If you see him, give me a call.
I'll give you my private number.

Joaquín, I swear, you know me.

You need to keep an eye out
for the guy at the check points,

in case he tries to leave for Ceuta.

You start running
from one building to the next,

looking for relatives
you think might be with him.

You end up going home
knowing you're not going to get him.

He was able to get away.

We need to catch this guy,
knowing that he's still in Algeciras.

You know he hasn't been able to leave.
We've set up checkpoints to find him.

We know who he is. We have an ID,

and we're investigating his inner circle.
Family, friends and so on.

The hard work is done. We know who he is.
We just keep going with the investigation.

You go home...

and you're not happy. You're thinking,

"Today hasn't been a good day.
One got away today...

but I have to get him."

I'd say La Línea is a very happy place.

There's nothing better
than being from La Línea.


People think that we walk around
with guns on our hips.

But there are 8,000 foreign residents
who don't want to leave.


Why? It's a great climate, a great beach,

the bars are cheap,
they have affordable housing.

It's a pity.

It's a pity that instead of stories on TV
about our beaches, our fishing,

or our hospitality,

the stories are about drugs,
unemployment and social exclusion.

The day we took office,
we had a deficit of 180 million euros.

It was completely out of control.

The local council workers hadn't been paid
in two months.

Now, they're being paid
on the 27th or 28th.

For the first time in our history,
we'll have a financial surplus.

We've worked very hard
for the last four years.

We're successful in those areas
we're in charge of,

but the higher-ups?
They don't give a damn.

La Línea is not Cali or Medellín,

but it could be.

Can we change things?

Right now, I genuinely hope so
and I hope it's not too late.

-How are you? Good?
-I'm great.

A political party like ours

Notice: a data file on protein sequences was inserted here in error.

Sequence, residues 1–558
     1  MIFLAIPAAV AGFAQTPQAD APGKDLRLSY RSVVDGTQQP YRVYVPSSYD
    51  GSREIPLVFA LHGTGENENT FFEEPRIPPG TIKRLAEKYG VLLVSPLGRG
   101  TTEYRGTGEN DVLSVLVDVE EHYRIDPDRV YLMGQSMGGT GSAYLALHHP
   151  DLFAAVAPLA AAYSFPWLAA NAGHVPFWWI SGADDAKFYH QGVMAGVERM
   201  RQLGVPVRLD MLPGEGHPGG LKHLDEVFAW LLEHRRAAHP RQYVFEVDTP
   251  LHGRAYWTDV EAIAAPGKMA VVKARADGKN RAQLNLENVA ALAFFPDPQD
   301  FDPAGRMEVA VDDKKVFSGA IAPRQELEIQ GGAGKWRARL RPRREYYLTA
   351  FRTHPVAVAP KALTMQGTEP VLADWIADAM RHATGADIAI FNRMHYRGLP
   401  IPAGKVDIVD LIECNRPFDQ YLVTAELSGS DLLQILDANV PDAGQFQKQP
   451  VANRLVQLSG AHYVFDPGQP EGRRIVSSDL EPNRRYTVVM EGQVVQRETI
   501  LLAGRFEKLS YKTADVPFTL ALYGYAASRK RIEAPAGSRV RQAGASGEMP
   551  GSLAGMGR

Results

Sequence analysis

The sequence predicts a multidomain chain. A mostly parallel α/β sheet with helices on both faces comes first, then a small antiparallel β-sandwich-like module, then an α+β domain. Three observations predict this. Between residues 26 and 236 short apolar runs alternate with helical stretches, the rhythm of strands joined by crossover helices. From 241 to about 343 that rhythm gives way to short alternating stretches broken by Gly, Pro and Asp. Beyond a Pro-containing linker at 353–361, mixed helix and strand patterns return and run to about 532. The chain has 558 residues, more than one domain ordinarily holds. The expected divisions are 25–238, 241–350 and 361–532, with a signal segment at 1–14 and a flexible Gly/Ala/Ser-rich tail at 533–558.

is clearly demonstrating

that we can manage the town council,
leaving ideology to one side,

and we're worried about our residents

because we live here and we care.

We're achieving more than others
who have gone before us.



The spaces you get to put up
your election posters and all that...

is based on the results you got
in the last elections.

So what happens? We went from zero to 100.

We'll have more space than anyone,
but we don't have any money.

-For posters.
-We have no money for posters.

We're a bunch of amateurs
with nothing better to do,

and we got into this mess
with no ambitions

and people appreciate that.

I've said already
that when my time as mayor is up,

my political career is over.
I don't think I could take it anymore.

But I think
we're doing some excellent work,

and I'm sure I'll be re-elected.

We're going to win, Rafa.

I'm on the street every day
and I can see we're going to win.

The problem is just so enormous,

that it goes way beyond the council.

The average unemployment
in the city is 32%,

and in some areas, youth unemployment
is between 70 to 80%.

People are still going to prison.

When they get out,
where are they going to go?

Where are they going to work, if they
don't know their ass from their elbow?


I don't do it any more but I used to
transport hash on the mainland.


I got into it for my kids
because if I had a regular job,

I wouldn't be with them
and I wouldn't be earning enough money.

I'd be in the same boat,
but I'm away seven or eight hours

and I come home with money.

Last summer, working every day
for three months,

I managed to earn
between 130,000 and 150,000 euros.

You spend money like crazy.
Clothes for me and for the kids.

I bought them motorbikes, cars.

We'd go out to lunch every day to a hotel,

and we'd spend the whole day there,
eating, going to the spa and whatever.

We were spending money like water.



I thought they were taking advantage of me
and one day, I got fed up...

and when I knew we had a lot stashed
in the warehouse, I took it.

I took it all.

The owners of the stash suspected